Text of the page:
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Tata Steel Warns UK On ‘Over The Top’ Green Policy

The head of the European division of Tata Steel of India has warned that a planned £1.2bn investment programme by his company in Britain could be put at risk by the UK government’s “over the top” climate change policies directed at heavy industry.

Karl-Ulrich Köhler told the FT that efforts by the government to load extra costs on to industry in the cause of satisfying the political goal of making the UK the greenest country in Europe was a “race for leadership” that he had difficulty understanding.

Although coalition ministers have signalled in recent weeks that they may rein back on plans to make the administration “the greenest government ever”, Mr Köhler regards this as a battle industrial groups have still not won.

The European division of Tata Steel, formerly Corus, is one of the UK’s largest manufacturers, employing 20,000 people mainly in steelmaking centres in south Wales and Scunthorpe, Lincolnshire.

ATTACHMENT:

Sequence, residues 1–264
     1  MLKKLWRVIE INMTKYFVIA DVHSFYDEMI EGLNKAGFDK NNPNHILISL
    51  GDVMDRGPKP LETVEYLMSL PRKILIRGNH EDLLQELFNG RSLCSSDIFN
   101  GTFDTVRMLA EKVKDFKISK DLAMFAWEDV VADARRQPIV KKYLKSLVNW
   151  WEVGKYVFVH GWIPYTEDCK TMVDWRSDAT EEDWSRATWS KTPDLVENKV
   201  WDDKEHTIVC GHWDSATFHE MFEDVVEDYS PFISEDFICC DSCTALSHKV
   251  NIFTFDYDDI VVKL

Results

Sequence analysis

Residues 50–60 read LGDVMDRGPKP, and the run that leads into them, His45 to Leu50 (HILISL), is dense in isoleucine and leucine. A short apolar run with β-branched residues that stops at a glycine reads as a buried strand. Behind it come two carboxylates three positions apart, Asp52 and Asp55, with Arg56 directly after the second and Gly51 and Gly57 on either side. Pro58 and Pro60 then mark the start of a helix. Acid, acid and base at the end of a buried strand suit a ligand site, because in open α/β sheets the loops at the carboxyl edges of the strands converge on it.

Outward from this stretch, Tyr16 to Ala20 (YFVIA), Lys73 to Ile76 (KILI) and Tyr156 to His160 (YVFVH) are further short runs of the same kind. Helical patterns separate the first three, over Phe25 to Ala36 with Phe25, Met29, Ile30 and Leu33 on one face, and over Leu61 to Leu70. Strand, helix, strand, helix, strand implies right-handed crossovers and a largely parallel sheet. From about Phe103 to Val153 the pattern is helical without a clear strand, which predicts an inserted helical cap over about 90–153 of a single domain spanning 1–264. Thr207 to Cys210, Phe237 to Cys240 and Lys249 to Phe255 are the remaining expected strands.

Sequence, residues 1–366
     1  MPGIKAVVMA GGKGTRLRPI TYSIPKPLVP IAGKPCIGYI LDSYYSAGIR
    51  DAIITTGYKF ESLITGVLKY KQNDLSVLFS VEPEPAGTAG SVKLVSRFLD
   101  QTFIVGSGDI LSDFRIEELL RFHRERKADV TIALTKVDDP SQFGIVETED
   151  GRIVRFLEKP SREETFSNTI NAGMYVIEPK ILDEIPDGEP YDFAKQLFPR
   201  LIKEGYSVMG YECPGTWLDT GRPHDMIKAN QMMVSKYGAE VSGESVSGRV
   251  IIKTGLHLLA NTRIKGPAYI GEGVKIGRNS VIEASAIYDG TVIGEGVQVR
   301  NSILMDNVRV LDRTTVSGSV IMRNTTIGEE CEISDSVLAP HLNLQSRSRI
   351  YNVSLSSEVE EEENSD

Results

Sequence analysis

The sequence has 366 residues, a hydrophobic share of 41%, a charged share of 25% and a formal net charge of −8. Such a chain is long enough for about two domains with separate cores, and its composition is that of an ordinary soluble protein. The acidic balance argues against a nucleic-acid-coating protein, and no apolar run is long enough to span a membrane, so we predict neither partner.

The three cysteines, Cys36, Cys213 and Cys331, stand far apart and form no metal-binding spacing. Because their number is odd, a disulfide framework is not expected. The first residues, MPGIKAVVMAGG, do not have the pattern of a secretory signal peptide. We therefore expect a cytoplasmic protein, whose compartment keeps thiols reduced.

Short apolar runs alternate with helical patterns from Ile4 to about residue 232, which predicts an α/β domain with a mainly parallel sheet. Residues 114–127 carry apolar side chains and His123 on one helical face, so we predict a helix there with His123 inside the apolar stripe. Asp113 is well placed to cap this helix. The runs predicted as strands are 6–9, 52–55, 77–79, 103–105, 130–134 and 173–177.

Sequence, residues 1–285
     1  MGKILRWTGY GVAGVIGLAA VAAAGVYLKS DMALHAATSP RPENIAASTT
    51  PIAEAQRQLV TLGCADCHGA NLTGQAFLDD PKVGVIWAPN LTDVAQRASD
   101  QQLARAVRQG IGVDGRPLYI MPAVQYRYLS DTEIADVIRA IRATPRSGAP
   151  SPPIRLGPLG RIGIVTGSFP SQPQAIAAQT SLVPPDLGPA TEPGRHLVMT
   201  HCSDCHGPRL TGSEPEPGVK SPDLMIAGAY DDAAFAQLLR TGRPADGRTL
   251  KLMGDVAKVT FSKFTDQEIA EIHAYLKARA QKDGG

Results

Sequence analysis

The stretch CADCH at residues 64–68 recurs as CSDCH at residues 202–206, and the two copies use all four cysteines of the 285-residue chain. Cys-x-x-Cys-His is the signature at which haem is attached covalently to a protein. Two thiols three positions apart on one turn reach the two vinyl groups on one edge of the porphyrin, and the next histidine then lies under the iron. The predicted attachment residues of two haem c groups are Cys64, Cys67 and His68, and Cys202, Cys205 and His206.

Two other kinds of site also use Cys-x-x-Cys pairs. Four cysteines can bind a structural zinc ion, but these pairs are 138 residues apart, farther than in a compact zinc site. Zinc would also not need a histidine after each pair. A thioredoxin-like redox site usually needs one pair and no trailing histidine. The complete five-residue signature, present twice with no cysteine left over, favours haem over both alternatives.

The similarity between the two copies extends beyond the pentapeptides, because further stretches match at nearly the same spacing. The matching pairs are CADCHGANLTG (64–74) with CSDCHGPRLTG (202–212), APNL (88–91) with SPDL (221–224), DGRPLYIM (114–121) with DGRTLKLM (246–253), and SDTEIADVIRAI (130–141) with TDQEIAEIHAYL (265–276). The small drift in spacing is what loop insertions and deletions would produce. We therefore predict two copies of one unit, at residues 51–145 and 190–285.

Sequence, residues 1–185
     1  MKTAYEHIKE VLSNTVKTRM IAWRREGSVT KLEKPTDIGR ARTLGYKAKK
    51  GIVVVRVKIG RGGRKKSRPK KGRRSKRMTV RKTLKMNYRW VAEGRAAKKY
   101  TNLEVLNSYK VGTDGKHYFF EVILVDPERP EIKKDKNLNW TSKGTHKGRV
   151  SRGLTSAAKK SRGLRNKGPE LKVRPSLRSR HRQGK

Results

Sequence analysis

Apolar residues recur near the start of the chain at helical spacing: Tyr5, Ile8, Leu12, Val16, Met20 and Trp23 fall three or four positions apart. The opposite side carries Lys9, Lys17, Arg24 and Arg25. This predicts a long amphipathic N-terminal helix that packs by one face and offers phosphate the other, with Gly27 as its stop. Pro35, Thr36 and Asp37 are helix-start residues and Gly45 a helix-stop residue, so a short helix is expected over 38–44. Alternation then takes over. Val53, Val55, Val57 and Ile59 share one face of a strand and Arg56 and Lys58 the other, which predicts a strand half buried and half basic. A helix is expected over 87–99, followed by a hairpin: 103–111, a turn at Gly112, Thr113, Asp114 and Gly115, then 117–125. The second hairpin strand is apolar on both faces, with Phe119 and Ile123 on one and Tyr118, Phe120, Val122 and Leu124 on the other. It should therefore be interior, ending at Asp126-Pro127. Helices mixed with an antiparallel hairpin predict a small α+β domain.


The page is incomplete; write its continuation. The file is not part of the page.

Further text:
The steel industry is one of the biggest producers of carbon dioxide implicated in climate change.

Mr Köhler is a German steel executive who took the helm of Tata Steel’s Europe division last year. The company’s European operations also include a large steel plant in the Dutch port of IJmuiden.

In an interview at a steelmaking conference in Paris, Mr Köhler said the UK government’s plans to increase the financial penalties for companies whose operations created large quantities of CO2 could rebound. This was because such policies could provide incentives for companies such as Tata to shift capital projects to countries where environmental standards were less onerous.

Mr Köhler is planning a £1.2bn programme in the company’s UK steel works in the next five years to improve efficiencies and increase quality. “We [Tata] are keen to invest in the UK . . . and we think we should be getting more support [from ministers],” he said.

The investment programme – running at about £250m annually – is about 30 per cent higher than Tata Steel has invested in the UK in recent years.

Mr Köhler said the European Union regime to force companies to curb CO2 emissions was probably the toughest in the world. “Why the UK government wants to go further and be the leader in Europe in this field is difficult for me to understand. It’s a race for leadership that is simply over the top,” he said.

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